High yielding ryegrasses with increased water-soluble carbohydrate (sugar) levels could help cut greenhouse gas emissions and reduce nitrate pollution alongside their potential to improve output from grassland.
According to Pete Wilkins, head of grass breeding at the Institute of Grassland and Environmental Research (IGER), the improved protein-energy balance in high sugar grasses – which is the key to better livestock performance – is also the reason for significant environmental bonuses.
While further animal research is required to quantify the potential to reduce methane emissions, there is no doubt in Dr Wilkins’ mind the already proven effect of improved nitrogen use will result in reduced waste going into the environment.
“Cattle and sheep are poor converters of grass protein into milk and meat, with only about 20% typically being used and the rest being wasted in faeces and urine,” he explains. “Some of this is recycled by grass, but the greater proportion will be leached away as nitrates or volatilised into the atmosphere as nitrous oxide – one of the main greenhouse gases.
“A major reason for these losses is the imbalance between readily available energy and protein within grass. Proteins are rapidly broken down when feed enters the rumen. However, when the diet lacks readily available energy, the rumen microbes can use less of the nitrogen released from the feed, so much of it is absorbed as ammonia and eventually excreted.
“High-sugar grasses bred at IGER are a better source of readily available energy and, therefore, allow the rumen microbes to process more of the grass protein. Research has shown this can result in more than 10% more of the protein being used for production and hence we see higher milk yields and improved liveweight gains from these ryegrasses. When more is used for production, less is wasted, so ultimately we see the added environmental benefit.”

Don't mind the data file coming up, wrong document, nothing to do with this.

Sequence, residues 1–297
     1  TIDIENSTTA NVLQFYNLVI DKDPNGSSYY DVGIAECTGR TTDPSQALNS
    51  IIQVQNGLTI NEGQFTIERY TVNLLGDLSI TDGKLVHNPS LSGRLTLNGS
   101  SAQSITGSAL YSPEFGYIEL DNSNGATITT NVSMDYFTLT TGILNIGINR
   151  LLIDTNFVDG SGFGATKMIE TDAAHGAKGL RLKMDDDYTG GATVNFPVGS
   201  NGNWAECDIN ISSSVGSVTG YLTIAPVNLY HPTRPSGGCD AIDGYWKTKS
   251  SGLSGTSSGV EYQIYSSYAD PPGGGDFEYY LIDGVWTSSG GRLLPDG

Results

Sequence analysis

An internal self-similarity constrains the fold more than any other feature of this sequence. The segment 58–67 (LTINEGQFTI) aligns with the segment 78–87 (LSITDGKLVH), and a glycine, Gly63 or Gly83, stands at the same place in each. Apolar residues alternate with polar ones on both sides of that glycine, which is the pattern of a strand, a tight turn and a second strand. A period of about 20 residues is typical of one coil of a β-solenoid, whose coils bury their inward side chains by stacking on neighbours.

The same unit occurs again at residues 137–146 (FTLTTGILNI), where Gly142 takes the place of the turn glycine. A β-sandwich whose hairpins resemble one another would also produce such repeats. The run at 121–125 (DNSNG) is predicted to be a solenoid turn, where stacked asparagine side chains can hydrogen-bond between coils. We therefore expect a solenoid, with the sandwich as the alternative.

The IGER grass breeding programme responsible for high-sugar grasses has been ongoing for more than 25 years and is now beginning to bear fruit. The first benchmark high sugar grass variety was the diploid intermediate perennial AberDart, which first became commercially available in 1999, but water-soluble carbohydrate levels are significantly higher in subsequent varieties such as AberStar and will be higher again in varieties like Aber- Magic, still in National List trials.
“We could see even higher sugar levels in future varieties, but the challenge going forward is ensuring this is not at the expense of key criteria such as yield and persistency,” adds Dr Wilkins.
Increasing interest in the environmental impact of modern agriculture – and not least that of the livestock and grassland sectors – looks set to keep future research on high sugar grasses in the spotlight. The recently announced DEFRA research project to look into how dietary changes can affect methane emissions from ruminants may well be an important watershed.
“Methane is one of the more potent greenhouse gases and agriculture is responsible for about 36% of emissions in this country,” continues Dr Wilkins. “So if we can show a reduction in methane alongside the nitrogenous waste products such as nitrous oxide and nitrates this will greatly strengthen the environmental position for high sugar grasses.
“At the moment we only have lab work to back up the theory that methane emissions are reduced when high sugar grasses are fed. If future research goes ahead as planned, we should soon have quantifiable evidence of reduced methane emissions in the live ruminant animal.”